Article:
As noted before, monkeys are revered in Hindu culture, and one of its gods is Hanuman, who is depicted as a central character in the Hindu epic Ramayana. So in central Ubud, there is a piece of primary rainforest where a sacred monkey kingdom exists. Tourists can walk freely in and out of the forest as they please, but be warned that the monkeys are also roaming around freely, and have been known to sit on people’s heads and steal their food! I was always wary of the monkeys, but some of them were eyeing up my camera, so I didn’t stay long in case I was ‘attacked’! I also wonder about the morals of tourism in Ubud’s Monkey Forest.

Traditional Kecak Dance
Traditional Kecak Dance

I thought the traditional Kecak dance of Ubud was amazing. It is mainly performed by men although apparently some women have been recently incorporated into this traditional Balinese pastime. The spiritual ramifications of this Kecak dance I do not know about, but it was wonderful to witness.

For more information and photos on Ubud in Bali, please check out the following amazing blogs from Our Big Fat Travel AdventureHave the World on a String, and Alex in Wanderland.

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19 thoughts on “Ubud: The Spiritual Heart of Bali

  1. Hi Lee, Great post again.. Just wondering about strolling on the banks of Ayung river. Did you just walk thru freely or you have to pay some entrance fee? Or did you have to stay at one cottage next to the river?

    I have plan to visit Bali next week, and have booked accommodation in Ubud. Really interested to pay a visit to Ayung river

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    1. Hi, Cony! Everybody can walk along the Ayung River in most parts. Some hotels have land alongside the River which is private property, but the river runs pretty much all the way through Ubud so there are many opportunities for you to enjoy it! I hope you have a great time in Ubud! Remember to stay away from Pura Besakih!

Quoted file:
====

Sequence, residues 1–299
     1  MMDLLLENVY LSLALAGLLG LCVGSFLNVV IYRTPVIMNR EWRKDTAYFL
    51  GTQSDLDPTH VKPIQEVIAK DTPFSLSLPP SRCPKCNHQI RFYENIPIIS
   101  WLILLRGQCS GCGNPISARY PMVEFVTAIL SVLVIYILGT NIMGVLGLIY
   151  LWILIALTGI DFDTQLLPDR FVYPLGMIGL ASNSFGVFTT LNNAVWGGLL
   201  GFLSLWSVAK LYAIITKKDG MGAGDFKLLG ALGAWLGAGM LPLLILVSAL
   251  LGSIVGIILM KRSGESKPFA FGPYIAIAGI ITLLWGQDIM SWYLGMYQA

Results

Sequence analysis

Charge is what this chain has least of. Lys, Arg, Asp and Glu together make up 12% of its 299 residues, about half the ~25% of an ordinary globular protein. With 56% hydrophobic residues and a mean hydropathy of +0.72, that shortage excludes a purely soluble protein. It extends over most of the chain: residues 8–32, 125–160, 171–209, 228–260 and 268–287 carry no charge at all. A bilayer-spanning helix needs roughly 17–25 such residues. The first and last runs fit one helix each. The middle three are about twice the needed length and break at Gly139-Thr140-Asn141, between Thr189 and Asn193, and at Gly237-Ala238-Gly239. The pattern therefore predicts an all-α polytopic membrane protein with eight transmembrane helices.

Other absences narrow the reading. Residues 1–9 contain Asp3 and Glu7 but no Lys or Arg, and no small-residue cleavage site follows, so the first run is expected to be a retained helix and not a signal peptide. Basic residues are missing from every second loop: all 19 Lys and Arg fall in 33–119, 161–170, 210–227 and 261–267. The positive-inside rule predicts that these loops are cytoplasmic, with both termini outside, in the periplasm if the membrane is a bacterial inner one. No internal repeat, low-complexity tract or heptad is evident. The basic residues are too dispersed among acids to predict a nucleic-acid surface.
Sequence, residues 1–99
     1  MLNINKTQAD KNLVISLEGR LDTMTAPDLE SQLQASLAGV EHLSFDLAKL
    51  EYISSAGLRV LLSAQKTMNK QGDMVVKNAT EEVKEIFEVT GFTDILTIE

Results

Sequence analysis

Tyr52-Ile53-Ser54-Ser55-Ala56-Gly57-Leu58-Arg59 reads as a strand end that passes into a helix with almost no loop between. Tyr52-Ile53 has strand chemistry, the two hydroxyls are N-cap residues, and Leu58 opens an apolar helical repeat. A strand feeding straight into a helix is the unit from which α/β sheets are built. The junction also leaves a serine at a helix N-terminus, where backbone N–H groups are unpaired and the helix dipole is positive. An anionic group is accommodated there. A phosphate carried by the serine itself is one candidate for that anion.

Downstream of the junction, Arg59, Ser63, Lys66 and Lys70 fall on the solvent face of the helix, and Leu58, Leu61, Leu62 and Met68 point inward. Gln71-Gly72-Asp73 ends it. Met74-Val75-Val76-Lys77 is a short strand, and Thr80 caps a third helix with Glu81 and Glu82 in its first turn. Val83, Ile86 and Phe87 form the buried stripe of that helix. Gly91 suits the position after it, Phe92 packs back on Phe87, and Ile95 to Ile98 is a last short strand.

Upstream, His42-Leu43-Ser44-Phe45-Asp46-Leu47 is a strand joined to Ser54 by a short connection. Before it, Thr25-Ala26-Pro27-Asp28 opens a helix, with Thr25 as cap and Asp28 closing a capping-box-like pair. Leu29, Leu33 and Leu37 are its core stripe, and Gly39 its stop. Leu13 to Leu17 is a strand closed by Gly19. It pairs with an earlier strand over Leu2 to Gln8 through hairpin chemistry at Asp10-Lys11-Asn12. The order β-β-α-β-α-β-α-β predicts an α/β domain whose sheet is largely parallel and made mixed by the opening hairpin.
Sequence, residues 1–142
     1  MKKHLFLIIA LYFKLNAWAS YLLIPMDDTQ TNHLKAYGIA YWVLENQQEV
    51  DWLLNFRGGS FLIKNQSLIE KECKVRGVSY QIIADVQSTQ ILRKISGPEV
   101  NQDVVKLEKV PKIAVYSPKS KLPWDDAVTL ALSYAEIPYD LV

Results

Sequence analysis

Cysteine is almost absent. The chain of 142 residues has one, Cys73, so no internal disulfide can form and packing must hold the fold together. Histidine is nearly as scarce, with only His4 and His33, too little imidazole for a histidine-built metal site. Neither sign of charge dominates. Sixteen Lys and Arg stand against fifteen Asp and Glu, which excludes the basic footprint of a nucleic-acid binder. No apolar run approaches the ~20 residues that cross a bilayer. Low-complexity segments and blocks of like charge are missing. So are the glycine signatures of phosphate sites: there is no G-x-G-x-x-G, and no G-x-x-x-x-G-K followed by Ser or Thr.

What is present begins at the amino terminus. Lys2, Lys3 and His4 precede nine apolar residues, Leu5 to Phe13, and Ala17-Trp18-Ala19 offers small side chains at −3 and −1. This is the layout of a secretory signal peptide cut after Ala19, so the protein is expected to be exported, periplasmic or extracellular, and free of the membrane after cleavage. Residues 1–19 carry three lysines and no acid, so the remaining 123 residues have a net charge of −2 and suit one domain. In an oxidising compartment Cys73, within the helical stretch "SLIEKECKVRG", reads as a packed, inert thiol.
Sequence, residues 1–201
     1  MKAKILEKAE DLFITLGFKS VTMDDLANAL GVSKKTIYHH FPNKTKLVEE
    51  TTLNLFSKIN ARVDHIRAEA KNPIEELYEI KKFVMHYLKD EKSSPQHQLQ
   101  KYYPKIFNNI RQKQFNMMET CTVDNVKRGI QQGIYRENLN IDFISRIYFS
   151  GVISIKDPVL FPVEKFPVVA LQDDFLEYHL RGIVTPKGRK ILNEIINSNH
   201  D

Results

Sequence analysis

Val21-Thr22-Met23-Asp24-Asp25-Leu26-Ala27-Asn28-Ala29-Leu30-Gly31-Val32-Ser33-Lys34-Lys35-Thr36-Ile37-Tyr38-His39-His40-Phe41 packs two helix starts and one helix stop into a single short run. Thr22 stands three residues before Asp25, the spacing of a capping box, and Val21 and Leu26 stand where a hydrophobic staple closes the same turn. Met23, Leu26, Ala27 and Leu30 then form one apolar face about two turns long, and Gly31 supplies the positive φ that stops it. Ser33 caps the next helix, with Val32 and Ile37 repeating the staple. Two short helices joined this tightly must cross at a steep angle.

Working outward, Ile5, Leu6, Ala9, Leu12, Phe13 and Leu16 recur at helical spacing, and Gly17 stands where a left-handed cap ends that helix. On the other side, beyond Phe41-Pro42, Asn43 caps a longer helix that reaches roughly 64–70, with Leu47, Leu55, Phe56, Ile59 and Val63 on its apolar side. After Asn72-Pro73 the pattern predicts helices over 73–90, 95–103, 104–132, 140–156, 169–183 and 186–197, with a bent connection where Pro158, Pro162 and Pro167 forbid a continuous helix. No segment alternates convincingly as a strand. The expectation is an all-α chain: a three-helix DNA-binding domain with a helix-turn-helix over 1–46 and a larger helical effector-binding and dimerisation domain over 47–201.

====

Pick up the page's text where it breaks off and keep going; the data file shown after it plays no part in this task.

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  2. I’ve been to Bali five times, but only on my last trip did I have the chance to visit Besakih. Our driver, who turned out to be our guide, made our visit to the temple less horrible. He’s so proud of Besakih for its size. However my friend and I were really pestered by the pushy local vendors. It’s so sad because Besakih is the most important temple for Balinese Hindus, yet it is literally overwhelmed by mafia, as you said. My driver told me that each temple in Bali is managed by local residents, and the residents of nearby villages in Besakih happen to be one of the worst ones in terms of preserving the sanctity of their own temple.

    Besakih aside, the temples in Bali are just so beautiful and atmospheric. I never get bored of them!

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  3. Great post. We had a great time in Bali except for the pushiness of the vendors around the temples. I have to agree that Pura Besakih was really bad. We were so shocked when the guy demanded a larger tip at the end (after we had made a donation) that we gave him more without thought. Other temples are just as nice and way less hassle.